[ Question ]

Are there technical/object-level fields that make sense to recruit to LessWrong?

by Raemon 1mo15th Sep 201947 comments

26


LessWrong is about learning rationality, and applying rationality to interesting problems.

An issue is that solving interesting problems often requires fairly deep technical knowledge of a field. To use rationality to help solving problems (especially as a group), you need both people who have skills in probability/meta-cognition/other-rationality skills, as well as the actual skills directly applicable to whatever problem is under discussion.

But if you show up on LW and post something technical (or even just "specialized") in a field that isn't already well represented on the forum, it'll be hard to have meaningful conversations about it.

Elsewhere on the internet there are probably forums focused on whatever-your-specialization is, but those places won't necessarily have people who know how to integrate evidence and think probabilistically in confusing domains.

So far the LW userbase has a cluster of skills related to AI alignment, some cognitive science, decision theory, etc. If a technical post isn't in one of those fields, you'll probably get better reception if it's somehow "generalist technical" (i.e. in some field that's relevant to a bunch of other fields), or if it somehow starts one inferential unit away from the overall LW userbase.

A plausibly good strategy is to try to recruit a number of people from a given field at once, to try to increase the surface area of "serious" conversations that can happen here.

It might make most sense to recruit from fields that are close enough to the existing vaguely-defined-LW memeplex that they can also get value from existing conversations here.

Anyone have ideas on where to do outreach in this vein? (Separately, perhaps: how to do outreach in this vein?). Or, alternately, anyone have a vague-feeling-of-doom about this entire approach and have alternate suggestions or reasons not to try?

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7 Answers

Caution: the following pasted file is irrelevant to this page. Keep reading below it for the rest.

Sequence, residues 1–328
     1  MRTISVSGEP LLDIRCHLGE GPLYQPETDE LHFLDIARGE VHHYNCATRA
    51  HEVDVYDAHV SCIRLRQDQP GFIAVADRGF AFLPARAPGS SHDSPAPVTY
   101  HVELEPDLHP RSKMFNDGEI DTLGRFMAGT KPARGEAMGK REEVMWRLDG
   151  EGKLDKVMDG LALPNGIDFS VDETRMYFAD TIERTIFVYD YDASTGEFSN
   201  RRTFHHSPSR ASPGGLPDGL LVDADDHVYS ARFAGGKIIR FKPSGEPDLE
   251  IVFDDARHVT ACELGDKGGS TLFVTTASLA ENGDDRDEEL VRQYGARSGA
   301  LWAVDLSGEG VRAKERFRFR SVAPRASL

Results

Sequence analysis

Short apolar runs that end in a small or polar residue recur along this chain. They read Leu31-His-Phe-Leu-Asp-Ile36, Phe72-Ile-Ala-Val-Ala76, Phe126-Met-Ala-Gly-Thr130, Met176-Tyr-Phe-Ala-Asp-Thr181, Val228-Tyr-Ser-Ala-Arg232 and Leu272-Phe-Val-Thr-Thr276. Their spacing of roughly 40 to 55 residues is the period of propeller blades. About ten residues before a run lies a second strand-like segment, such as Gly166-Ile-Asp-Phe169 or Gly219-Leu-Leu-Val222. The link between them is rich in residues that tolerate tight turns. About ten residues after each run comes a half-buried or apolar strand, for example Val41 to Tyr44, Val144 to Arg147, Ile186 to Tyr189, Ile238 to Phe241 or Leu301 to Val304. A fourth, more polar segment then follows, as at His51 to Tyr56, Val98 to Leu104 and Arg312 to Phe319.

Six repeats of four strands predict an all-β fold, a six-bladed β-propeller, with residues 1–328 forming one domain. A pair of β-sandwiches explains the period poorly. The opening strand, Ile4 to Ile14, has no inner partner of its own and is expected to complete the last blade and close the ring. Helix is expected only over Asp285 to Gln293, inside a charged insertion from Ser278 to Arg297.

As I've been talking about on my shortform, I'd be excited about attracting more "programmer's programmers". AFAICT, a lot of LW users are programmers, but a large fraction of these users either are more interested in transitioning into theoretical alignment research or just don't really post about programming. As a small piece of evidence for this claim, I've been consistently surprised to see the relatively lukewarm reaction to Martin Sustrik's posts on LW. I read Sustrik's blog before he started posting and consistently find his posts there and here pretty interesting (I am admittedly a bit biased because I was already impressed by Sustrik's work on ZeroMQ).

I think that's a bit of a shame because I personally have found LW-style thinking useful for programming. My debugging process has especially benefited from applying some combination of informal probabilistic reasoning and "making beliefs pay rent", which enabled me to make more principled decisions about which hypotheses to falsify first when finding root causes. For a longer example, see this blog post about reproducing a deep RL paper, which discusses how noticing confusion helped the author make progress (CFAR is specifically mentioned). LW-style thinking has also helped me stop obsessing over much of the debate around some of the more mindkiller-y topics in programming like "should you always write tests first", "are type-safe languages always better than dynamic ones". In my ideal world, LW-style thinking applied to fuzzier questions about programming would help us move past these "wrong questions".